Photos taken of Minnesota animal
By Shawn Perich
Grand Marais, Minn. Federal biologists are hopeful that funding
will be available to step up lynx monitoring and research efforts
“We’re committed to doing everything we can to learn more about
Minnesota’s lynx,” says U.S. Fish and Wildlife Service (USFWS)
research biologist Jean Cochrane.
Plans are under way to begin a radio-tracking project utilizing
graduate student Chris Burdett through the auspices of the Natural
Resources Research Institute (NRRI) at Duluth. Noted biologist L.
David Mech and Jerry Niemi of NRRI are co-principal investigators
on the project.
Research is inspired in part by numerous sightings of lynx in
northeastern Minnesota during the past two years. The native cats
appear to be at a high point in its population cycle. Lynx were
rarely seen in Minnesota during the past two decades. The animal
has been listed as “threatened” under the federal Endangered
Cochrane says researchers hope to capture lynx, fit them with
radio collars, release them, and then track their movements.
Although they are beginning to order radio telemetry equipment,
biologists are uncertain when the project will receive sufficient
funding to get under way. Costs are anticipated to total over
$100,000 per year.
Cochrane says there is support for lynx research within the
federal wildlife management bureaucracy, but the endeavor must
compete with other projects for approval. Presently, the federal
budget has been held up pending action by Congress.
“It could be months before we know about the funding,” Cochrane
Superior National Forest biologist Ed Lindquist plans to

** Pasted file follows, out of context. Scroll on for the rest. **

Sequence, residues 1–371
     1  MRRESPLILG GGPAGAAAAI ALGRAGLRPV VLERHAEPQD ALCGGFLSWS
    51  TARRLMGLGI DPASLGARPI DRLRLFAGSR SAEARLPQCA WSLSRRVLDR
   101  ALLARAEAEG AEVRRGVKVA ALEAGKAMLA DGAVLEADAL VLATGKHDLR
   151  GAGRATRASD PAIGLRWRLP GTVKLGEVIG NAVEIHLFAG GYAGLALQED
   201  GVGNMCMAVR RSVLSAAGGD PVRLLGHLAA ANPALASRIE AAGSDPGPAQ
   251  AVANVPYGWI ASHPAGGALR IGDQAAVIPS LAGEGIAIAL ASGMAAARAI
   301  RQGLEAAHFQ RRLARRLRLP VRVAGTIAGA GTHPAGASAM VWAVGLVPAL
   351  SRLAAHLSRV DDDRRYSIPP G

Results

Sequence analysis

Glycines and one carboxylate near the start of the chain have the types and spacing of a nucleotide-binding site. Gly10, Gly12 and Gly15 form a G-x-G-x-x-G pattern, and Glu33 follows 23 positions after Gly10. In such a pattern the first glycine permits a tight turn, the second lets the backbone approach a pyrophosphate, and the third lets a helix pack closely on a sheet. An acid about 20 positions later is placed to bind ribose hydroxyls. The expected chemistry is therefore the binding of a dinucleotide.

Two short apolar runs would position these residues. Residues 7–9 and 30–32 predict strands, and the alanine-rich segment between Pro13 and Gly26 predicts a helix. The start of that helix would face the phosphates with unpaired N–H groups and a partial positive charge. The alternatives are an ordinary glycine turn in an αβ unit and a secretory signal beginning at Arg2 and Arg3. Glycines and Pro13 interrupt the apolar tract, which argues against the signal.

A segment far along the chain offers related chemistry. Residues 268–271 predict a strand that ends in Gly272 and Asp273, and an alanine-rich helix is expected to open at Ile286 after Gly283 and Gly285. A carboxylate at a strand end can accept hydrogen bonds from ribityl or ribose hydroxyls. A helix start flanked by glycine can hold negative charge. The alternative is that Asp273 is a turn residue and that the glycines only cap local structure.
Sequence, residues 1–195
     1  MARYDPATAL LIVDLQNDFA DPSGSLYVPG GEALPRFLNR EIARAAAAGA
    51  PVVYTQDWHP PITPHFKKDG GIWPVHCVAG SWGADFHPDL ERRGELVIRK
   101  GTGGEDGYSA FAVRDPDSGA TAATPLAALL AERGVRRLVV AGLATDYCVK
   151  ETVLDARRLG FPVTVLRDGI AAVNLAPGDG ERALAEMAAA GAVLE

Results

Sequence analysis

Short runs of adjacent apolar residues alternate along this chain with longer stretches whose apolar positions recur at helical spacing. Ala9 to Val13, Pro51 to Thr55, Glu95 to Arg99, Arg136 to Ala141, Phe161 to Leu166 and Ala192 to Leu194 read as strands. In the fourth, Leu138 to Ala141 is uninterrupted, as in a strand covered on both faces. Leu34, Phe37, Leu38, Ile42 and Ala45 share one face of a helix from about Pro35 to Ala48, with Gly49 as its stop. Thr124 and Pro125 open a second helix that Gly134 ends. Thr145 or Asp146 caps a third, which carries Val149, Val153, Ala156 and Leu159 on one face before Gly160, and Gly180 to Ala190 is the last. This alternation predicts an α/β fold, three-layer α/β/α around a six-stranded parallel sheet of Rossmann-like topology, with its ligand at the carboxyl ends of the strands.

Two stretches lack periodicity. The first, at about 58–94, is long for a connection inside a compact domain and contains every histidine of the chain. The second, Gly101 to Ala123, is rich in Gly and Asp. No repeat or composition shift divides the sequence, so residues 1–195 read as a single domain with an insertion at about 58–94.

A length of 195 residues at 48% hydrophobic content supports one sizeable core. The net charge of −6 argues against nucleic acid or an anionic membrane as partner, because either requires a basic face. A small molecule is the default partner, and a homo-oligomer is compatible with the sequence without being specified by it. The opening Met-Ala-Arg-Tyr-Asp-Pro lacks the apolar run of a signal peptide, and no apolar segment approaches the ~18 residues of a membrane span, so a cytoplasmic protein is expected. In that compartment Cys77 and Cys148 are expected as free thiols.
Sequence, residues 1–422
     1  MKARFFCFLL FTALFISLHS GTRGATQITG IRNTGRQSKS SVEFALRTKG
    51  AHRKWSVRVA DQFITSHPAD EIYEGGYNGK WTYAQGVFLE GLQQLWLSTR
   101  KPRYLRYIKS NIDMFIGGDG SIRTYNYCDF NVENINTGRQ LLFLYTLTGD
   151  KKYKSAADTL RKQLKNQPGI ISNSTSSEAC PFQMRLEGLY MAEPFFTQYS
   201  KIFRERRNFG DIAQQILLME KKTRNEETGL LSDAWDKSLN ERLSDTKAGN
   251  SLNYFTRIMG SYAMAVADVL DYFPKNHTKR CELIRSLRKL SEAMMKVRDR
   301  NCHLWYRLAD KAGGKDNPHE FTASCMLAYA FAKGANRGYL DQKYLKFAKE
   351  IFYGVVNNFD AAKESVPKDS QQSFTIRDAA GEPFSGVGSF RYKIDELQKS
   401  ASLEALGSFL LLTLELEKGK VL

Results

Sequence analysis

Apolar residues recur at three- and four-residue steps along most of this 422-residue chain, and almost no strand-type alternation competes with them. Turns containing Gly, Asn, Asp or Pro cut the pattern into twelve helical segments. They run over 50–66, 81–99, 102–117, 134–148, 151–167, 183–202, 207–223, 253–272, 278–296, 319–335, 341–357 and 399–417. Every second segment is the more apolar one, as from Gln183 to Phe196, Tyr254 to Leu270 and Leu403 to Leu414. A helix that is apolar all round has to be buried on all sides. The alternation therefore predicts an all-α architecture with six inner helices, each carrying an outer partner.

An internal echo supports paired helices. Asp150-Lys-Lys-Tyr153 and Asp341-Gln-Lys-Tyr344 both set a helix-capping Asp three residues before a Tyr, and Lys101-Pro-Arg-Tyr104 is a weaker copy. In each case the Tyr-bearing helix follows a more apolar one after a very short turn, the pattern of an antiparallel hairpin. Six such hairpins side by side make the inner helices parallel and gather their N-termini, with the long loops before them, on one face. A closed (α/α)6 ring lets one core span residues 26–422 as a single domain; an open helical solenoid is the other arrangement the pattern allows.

continue compiling data about lynx by following up on reported
sightings and establishing systematic track winter counts for lynx
and other carnivores.
Field work for a “hair snare” survey, part of a coordinated
national effort, will be completed this year. The three-year survey
has not shown evidence of lynx in Minnesota. Efforts to locate lynx
through reported sightings has been more successful. Last winter,
volunteers under Lindquist’s direction collected over three dozen
scat and hair samples by back-tracking lynx. The samples were sent
to a federal laboratory in Montana for DNA analysis. Results from
about a dozen samples have been returned and confirm the presence
of several individual lynx. Lindquist is still waiting for the
remaining sample results.
Lindquist says data collected in the past year has increased
knowledge about Minnesota’s lynx. It has established scientific
proof of the presence of lynx, provided some information about lynx
densities and geographic distribution, and turned up evidence of
reproduction and likely recruitment of young to the population.
While more information is needed on all aspects of lynx biology,
Lindquist says he’d like to learn more about the cats’ habitat
preferences and collect more information about their primary prey:
snowshoe hares and red squirrels. He is hopeful that funding will
be found to further lynx research.
“We’re feel we can pull off an excellent research project in
Minnesota,” Lindquist says.
Cochrane says that while present research efforts are being led
by federal wildlife biologists and NRRI, other agencies, including
the Minnesota DNR, the 1854 Authority, and the Fond du Lac Band are
participating in the discussions.